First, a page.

Basic Guide: Women's Cycling Gear

It should be pretty obvious to most that men and women are different, and therefore have very different needs when it comes to clothing design, bike geometry, and more. For years, however, most of the bike industry simply took a “shrink it and pink it” approach to women’s cycling. They simply took the men’s version, made it smaller, produced it in a feminine color, and called it a day. For a lot of women, this made getting into cycling feel like a challenge, since finding bikes that fit or clothing that looked good was difficult.

Fortunately, things have changed quite a bit in the last few years. Manufacturers finally wised up, and have begun introducing new designs and products that take into account women’s needs and preferences. From bikes, to clothing, to accessories like shoes and helmets, there are now many women-specific options that are extremely comfortable, fit great, look great, and help riders feel and perform better on the bike.



Firstly, bike brands like Fuji, GT, and Diamondback have taken a different approach to designing women’s bikes. Using new geometries that are built with a women’s body in mind, this new breed of women’s bikes take into account the proportionally longer legs and shorter arm reach of most women by incorporating taller headtubes, shorter, sloping toptubes and a taller standover height to achieve a fit that is more comfortable, and optimizes the bike for the best performance possible.



Additionally, there is now a wider range of women-specific saddles that are designed for performance and comfort. With special attention paid to the wider sit bones and pelvic geometry of women, these new saddles offer better support, minimize friction and position riders for an easier and more powerful pedal stroke.



Clothing is another area that has seen significant development. Jerseys now come in a slimmer, more flattering and feminine fit that both improves performance and usually look great on almost any rider. Made with technical fabrics in a wide array of colors, these jerseys enhance performance and help you stay comfortable during a ride. But the real story when it comes to clothing is shorts. Nothing can make or break a ride like shorts can, and for years, women had to make do with shorts that weren’t exactly made with them in mind. Fortunately, again, times have changed. Now, many women’s shorts feature an anatomical cut that offers a great mix of compression, support and ease of movement to keep you more comfortable on the bike. New chamois shapes have also come along lately that, rather than just being smaller and wider versions of whatever the boys got, have been designed from the ground up for women. Since women obviously have different chamois needs than men, new designs had to be built from the ground up. Padding has been moved to new areas in the sit bones area of the chamois to improve comfort, a different shape at the front with differentiated padding thickness helps reduce irritation and chaffing, and some models also use Ph-balanced fabrics to improve feel and reduce irritation. So say goodbye to numbness, chaffing and all that other bad stuff.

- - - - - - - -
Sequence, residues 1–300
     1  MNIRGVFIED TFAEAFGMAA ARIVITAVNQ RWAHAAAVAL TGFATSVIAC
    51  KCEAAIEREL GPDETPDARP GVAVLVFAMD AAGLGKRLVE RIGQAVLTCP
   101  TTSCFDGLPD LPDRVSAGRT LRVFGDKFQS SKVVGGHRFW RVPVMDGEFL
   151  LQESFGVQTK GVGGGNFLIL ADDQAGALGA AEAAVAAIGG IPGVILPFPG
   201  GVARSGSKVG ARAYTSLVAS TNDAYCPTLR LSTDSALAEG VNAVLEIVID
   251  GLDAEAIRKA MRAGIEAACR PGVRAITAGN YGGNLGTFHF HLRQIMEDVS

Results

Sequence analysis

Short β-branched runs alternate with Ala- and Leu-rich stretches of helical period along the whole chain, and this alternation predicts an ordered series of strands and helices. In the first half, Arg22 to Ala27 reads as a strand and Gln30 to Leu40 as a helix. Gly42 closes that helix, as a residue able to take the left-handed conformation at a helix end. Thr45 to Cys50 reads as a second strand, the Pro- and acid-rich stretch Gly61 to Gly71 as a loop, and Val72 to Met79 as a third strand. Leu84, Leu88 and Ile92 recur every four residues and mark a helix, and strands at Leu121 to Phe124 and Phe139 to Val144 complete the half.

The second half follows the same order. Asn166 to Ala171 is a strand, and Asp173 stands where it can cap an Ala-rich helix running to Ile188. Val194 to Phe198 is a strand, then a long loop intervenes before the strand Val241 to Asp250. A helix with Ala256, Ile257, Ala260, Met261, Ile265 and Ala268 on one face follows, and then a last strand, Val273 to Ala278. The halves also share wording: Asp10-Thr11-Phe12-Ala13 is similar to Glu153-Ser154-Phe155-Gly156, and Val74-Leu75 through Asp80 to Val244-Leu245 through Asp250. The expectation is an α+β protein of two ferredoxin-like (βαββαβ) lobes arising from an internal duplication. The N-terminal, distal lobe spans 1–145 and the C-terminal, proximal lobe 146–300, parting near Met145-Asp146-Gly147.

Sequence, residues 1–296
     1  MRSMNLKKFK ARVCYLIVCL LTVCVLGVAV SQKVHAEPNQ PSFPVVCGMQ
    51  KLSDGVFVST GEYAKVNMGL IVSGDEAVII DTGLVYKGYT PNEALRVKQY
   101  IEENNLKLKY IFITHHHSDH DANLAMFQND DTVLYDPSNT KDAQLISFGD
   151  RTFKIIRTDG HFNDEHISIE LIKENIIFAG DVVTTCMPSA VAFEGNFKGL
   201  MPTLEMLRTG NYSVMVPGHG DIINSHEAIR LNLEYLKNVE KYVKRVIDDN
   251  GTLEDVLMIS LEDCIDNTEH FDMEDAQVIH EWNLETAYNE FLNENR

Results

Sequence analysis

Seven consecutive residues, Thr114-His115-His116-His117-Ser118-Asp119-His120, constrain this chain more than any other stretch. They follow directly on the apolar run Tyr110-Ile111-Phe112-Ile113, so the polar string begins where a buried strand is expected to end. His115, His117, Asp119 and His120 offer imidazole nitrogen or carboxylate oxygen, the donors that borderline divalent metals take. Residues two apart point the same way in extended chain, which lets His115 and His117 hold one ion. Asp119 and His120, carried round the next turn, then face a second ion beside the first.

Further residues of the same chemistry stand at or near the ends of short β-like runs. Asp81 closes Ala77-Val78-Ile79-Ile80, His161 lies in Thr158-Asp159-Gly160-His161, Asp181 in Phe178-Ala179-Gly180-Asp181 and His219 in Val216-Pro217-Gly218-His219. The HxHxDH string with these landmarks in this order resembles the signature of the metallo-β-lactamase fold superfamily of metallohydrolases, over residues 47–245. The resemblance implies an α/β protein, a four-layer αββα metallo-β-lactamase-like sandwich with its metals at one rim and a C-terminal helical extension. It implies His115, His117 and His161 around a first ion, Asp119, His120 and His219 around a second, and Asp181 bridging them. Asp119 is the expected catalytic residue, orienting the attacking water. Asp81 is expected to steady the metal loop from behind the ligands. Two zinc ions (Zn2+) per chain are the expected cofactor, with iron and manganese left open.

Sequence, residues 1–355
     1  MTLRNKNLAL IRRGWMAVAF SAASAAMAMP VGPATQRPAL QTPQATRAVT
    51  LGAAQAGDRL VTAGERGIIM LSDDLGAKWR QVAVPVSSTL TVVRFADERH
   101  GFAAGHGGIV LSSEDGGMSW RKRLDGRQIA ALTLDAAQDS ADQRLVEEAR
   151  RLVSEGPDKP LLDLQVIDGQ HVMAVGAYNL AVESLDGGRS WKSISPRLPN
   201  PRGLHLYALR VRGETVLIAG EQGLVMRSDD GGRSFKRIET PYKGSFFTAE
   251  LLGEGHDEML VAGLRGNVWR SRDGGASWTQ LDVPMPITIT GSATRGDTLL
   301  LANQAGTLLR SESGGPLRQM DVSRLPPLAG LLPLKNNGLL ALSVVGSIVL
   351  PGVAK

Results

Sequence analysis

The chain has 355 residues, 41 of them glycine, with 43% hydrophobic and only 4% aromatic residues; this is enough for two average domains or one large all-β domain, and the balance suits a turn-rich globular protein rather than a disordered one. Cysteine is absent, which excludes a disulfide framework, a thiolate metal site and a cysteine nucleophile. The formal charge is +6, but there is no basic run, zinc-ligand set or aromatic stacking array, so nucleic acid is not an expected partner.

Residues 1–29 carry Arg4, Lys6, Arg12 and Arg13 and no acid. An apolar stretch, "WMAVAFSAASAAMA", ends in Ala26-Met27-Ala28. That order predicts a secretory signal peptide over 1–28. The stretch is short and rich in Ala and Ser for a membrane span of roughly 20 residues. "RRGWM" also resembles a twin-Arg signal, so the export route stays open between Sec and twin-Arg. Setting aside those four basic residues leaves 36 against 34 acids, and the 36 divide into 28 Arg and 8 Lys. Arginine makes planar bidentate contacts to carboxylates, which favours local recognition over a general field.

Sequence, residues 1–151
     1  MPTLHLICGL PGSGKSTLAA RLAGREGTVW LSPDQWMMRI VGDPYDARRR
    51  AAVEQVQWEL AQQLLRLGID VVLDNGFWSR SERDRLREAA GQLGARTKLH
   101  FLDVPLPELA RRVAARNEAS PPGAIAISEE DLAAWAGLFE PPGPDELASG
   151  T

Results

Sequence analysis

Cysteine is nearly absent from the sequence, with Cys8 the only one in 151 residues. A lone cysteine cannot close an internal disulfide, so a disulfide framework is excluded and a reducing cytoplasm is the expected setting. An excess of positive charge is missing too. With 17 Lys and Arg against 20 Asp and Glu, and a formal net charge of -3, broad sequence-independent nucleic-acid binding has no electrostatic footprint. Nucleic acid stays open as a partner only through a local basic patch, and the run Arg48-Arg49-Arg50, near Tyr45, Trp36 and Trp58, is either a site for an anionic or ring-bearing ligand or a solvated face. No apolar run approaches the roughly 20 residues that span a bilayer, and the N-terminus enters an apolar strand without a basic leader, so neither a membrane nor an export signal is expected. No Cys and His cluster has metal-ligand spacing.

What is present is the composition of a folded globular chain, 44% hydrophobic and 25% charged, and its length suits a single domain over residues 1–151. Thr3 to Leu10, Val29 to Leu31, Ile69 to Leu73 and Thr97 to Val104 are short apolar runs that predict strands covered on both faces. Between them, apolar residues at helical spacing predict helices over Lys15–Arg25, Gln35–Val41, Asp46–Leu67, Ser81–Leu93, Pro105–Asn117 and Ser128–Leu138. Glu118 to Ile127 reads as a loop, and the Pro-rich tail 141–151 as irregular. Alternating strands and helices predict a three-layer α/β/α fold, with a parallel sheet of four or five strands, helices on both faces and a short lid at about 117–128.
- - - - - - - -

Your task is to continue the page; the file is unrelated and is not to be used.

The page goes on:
And it hasn’t stopped there. After all, you wouldn’t expect women to shop in the men’s shoe department for a pair of office shoes, so why should women buys men’s shoes for cycling? Many companies now offer women’s specific shoes, built off of a smaller last (the model of the foot that a shoe is built around) with a narrower heel than men’s shoes, and women-specific helmets as well that run slightly smaller than men’s. These improve the little aspects of the ride, by eliminated helmet wobble, addressing shoe hotspots and more. Bear in mind, however, that some riders may still find men’s shoes or unisex helmets more comfortable, it all just depends on your foot or head shape.


With more women riding now than ever, there are more options available now than ever. So stop settling, and get ready to discover a whole new world of fit, comfort and selection that’ll keep you riding harder, longer and faster than ever before.


Women's Cycling